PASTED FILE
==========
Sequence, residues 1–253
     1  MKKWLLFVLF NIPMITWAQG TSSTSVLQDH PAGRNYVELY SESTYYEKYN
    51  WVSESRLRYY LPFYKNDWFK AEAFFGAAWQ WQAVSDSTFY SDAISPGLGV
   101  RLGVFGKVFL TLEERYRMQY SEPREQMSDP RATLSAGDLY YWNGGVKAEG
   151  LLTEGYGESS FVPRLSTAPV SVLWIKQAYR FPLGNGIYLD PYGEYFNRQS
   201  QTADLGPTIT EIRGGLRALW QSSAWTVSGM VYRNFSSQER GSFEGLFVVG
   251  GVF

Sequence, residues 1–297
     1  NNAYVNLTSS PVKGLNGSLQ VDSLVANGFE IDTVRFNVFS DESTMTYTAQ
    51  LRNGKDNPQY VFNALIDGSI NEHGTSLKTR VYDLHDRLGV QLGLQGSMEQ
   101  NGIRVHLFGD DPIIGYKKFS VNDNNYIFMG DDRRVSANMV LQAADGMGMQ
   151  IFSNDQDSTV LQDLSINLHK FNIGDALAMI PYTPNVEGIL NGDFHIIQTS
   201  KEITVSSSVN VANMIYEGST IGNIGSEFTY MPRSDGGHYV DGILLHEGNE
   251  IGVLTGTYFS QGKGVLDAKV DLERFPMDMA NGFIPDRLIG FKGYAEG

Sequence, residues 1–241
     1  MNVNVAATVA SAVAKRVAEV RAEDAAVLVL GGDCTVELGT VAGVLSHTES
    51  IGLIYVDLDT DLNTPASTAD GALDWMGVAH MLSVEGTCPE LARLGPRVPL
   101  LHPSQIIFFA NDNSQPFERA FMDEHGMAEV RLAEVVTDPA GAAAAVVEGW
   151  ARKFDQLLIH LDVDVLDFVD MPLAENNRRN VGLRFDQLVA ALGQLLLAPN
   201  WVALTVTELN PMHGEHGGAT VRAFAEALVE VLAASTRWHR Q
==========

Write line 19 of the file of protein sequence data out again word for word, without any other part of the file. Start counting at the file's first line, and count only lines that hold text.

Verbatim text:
   151  ARKFDQLLIH LDVDVLDFVD MPLAENNRRN VGLRFDQLVA ALGQLLLAPN